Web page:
Sunday, March 26, 2017

Back home

As I mentioned before Viñales, though the village was quite convivial, was a bit of a dissappointment. After Viñales we rode further west and then turned back eastward, direction Havana. These were nice cycling days. 
Beautiful countryside and dito casas particulares, especially in San Diego de los Baños and Soroa. 
On March 4th we arrived back in Casa Aléman, our Havana home. We were welcomed with a hug by Yo, the housekeeper and got an even nicer appartment than the one nextdoor, that we had on our first arrival in Cuba. We spent the next two days packing, the bike boxes were still there, a visit to the museums of the Revolution and of Ron (rum), some beers and mojito's on Plaza Vieja and nice dinners in the old city centre.
Our flights home, via Madrid, went well (though they charged us USD 110 extra for the bikes) and now we're back in the usual routine. Which, no worries, is not bad at all.  

Saturday, March 25, 2017


Cycling in a foreign country makes me aware of the differences in culture, politics and economics in the world. As a matter of fact, it is the only reason why I have always wanted to travel. Rather than base my opinions on the media in my own country I have always felt the need to go and see myself. This made me travel into the communist European countries – behind the iron curtain, which was not easy – in the seventies (seems ages ago now) and to so many other parts of the world. I wanted to see and experience how culture and systems (governments) shape societies and determine the lives of their citizens.
So I did in Cuba. To tell the truth, I loathed the Cuban goverment many times for the results of their policies for the Cubans. Many times I felt pity for the Cubans, for their poverty, for the empty shops, for their waiting, endless waiting.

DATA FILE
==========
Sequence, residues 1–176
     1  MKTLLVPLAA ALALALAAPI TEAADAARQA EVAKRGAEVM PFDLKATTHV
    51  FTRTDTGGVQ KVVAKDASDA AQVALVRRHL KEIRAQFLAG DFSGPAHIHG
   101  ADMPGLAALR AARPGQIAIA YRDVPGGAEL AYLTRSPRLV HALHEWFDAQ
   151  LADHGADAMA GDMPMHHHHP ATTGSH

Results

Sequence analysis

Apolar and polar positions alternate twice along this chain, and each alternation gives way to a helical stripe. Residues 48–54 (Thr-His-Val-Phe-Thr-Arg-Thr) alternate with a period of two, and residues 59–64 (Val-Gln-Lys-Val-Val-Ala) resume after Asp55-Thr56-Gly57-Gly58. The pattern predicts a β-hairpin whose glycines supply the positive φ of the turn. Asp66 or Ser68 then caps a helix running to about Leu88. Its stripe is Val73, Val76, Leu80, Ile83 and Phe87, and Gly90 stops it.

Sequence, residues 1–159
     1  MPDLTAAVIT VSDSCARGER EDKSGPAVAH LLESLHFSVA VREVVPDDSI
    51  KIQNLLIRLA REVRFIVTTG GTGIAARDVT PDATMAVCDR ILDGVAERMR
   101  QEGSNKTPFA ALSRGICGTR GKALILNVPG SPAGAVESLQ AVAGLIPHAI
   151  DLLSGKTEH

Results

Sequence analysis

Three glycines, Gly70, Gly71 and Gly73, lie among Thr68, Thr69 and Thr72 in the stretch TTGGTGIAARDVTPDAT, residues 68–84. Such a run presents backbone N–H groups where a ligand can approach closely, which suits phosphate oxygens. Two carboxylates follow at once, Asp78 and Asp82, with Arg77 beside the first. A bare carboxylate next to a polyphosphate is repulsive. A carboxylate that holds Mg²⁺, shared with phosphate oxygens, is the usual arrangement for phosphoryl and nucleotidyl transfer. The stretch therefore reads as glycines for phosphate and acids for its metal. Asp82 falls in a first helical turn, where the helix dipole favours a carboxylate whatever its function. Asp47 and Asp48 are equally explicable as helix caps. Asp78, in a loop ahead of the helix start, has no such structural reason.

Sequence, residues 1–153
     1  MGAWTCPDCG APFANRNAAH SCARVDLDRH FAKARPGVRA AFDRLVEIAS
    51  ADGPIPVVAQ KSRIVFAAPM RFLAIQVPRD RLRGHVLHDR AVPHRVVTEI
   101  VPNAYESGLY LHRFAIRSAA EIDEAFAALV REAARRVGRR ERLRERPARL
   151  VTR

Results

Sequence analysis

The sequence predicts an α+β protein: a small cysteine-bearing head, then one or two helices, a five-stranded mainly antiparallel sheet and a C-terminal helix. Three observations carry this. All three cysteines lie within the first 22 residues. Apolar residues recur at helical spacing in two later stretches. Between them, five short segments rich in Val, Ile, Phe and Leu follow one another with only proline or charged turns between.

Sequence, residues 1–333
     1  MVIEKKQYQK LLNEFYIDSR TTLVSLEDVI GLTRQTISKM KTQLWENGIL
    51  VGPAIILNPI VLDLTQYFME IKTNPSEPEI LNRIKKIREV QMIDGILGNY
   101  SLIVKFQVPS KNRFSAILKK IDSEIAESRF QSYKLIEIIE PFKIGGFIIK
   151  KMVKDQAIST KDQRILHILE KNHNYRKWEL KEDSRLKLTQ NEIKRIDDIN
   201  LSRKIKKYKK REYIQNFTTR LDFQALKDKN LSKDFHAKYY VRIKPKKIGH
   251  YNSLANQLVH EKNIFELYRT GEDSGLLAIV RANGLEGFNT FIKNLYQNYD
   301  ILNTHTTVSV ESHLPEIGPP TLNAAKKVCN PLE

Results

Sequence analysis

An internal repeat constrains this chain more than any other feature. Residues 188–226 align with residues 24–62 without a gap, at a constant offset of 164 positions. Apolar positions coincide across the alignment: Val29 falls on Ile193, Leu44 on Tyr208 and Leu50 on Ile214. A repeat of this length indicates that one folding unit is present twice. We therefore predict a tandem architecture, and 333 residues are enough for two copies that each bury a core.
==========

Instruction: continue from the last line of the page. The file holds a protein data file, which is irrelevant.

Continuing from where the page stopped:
My mistake is that I compare it to the Netherlands. I know that my country is one the most organised, reliable, free and prosperous countries in the world. So this comparison is unfair.
What I ought to do is compare Cuba with the countries in the region. And then the result is opposite. Haïti, the closest neighbour, is the poorest country in the world. Then there are Nicaragua, Honduras, Mexico, Venezuela, Brasil (a Brasilian couple made this clear to us), countries where there are many homeless people, where crime and corruption are horrandous. The Cubans are a merry and friendly people, all of them have access to education and health care, they are well fed and the middle class is growing. In this comparison Cuba earns the best marks, thumbs up and great compliments, despite the fact that it is no democracy and that the US-bloccade has still not entirely been lifted.

My apologies.

The (too many :-)) photos are now to be seen. Click on the link in the right column.

Monday, February 27, 2017


Trends are world wide.
We already noticed elsewhere in the world that the trends concerning fashion, music, outer appearance are world wide, independent of the local culture. Globalisation seems to be complete in this field. Also in Cuba, where there is such difficult acces to the internet and where tv-stations are government controlled, youngsters wear the same t-shirts and shorts as they do in Europe or Asia. Boys have this modern haircut, the sides of their heads shaved almost bald and a well cured haircut on the top of the skull. Girls (and women) prefer low cut very tight shirts and leggings or shorts. Not even a year ago we cycled in Iran, the contrast couldn't be bigger.

Cubans love music, and you will not easily find a spot where you don't hear a blaring loudspeaker. In Havana and east we mainly heard the typical Cuban music. Here we see boys walking around with getto blasters playing the music that young people seem to love everywhere, house or trash or whatever it may be called. Even from restaurants and bars the beat of the drums and the endless repeating tones attack your ears.